The actor Gloria Grahame had one of the great faces of ’50s film noir. If you’ve seen In a Lonely Place or The Big Heat, you probably haven’t forgotten those eyes, as mischievous as a game of under-the-table footsie, or that mouth, like the sense memory of what a lemon drop tastes like.
The young Annette Bening greatly resembled ’50s-era Grahame, throwing off the same kind of playful yet soul-deep spark. That’s why it’s so fitting that Bening should now play the older Grahame in Paul McGuigan’s perceptive, bittersweet movie Film Stars Don’t Die in Liverpool, based on Peter Turner’s memoir of the same name and set in Liverpool and London during the late 1970s and early ’80s, the last years of Grahame’s life. This is the story of young aspiring actor Peter (Jamie Bell) and his complicated relationship with Grahame, some 30 years his senior. The two start out romantically coupled; after their breakup, the ailing Grahame reconnects with her old beau and his family, seeking the solace of their Liverpool home, though she refuses medical care.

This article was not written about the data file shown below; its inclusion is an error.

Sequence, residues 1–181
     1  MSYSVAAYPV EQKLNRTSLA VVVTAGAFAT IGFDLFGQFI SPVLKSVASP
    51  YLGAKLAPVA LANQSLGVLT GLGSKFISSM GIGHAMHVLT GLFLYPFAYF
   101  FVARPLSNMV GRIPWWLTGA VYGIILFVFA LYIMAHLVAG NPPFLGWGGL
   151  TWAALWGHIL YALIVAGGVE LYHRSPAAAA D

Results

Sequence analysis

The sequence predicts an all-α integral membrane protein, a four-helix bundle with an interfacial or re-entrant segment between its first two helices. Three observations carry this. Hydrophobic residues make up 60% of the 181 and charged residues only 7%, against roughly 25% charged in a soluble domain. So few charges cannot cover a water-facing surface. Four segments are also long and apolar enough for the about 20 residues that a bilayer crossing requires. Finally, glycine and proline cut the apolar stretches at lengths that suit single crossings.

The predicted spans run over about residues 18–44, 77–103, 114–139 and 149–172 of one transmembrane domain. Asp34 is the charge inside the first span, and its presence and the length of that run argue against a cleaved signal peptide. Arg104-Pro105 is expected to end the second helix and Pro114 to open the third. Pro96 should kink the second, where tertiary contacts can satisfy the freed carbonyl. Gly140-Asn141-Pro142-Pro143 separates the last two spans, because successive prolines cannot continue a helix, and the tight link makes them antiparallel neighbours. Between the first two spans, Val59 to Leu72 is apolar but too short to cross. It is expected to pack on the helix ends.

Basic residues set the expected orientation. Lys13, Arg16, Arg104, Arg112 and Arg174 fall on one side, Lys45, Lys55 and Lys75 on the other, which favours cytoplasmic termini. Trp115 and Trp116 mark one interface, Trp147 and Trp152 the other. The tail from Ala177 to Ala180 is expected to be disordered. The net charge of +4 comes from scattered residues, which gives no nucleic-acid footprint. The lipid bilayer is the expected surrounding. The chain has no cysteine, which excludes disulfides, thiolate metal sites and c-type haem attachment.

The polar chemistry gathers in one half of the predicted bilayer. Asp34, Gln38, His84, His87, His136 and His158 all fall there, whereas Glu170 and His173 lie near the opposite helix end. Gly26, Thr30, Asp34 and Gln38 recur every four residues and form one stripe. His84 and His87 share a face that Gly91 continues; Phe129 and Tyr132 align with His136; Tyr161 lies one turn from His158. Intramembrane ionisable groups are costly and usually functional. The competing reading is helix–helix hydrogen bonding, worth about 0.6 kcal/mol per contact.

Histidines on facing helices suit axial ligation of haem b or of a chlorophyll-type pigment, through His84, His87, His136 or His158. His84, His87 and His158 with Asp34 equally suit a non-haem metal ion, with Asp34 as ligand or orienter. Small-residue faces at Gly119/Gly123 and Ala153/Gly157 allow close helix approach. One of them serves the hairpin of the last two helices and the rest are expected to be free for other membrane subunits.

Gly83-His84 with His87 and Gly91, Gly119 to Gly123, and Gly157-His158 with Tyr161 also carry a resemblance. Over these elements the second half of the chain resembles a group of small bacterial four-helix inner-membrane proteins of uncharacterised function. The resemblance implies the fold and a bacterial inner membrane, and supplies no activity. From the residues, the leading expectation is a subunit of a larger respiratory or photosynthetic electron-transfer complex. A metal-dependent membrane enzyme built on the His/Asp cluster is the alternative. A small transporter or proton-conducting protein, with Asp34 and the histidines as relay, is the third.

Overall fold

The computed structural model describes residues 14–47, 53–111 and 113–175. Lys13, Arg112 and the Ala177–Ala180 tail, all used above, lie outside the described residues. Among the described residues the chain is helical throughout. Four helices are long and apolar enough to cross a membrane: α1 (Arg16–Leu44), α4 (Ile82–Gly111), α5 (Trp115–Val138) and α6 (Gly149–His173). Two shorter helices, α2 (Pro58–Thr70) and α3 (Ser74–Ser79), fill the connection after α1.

Bell is terrific at conveying Peter’s impatience with Grahame’s movie-star neediness as well as his ultimate reckoning with how much he loved her. And Bening is extraordinary, serving up a seemingly contradictory cocktail of fire and vulnerability. At one point, in the early days of their relationship, Peter tells Grahame he’s going to see a one-man show. “I love those things!” she says in a zephyrlike voice.“You get to say all the lines.” It’s a moment of pure showbiz self-centeredness, delivered as a wicked, flirty joke—as if Grahame herself were blowing us a kiss.
This appears in the January 22, 2018 issue of TIME.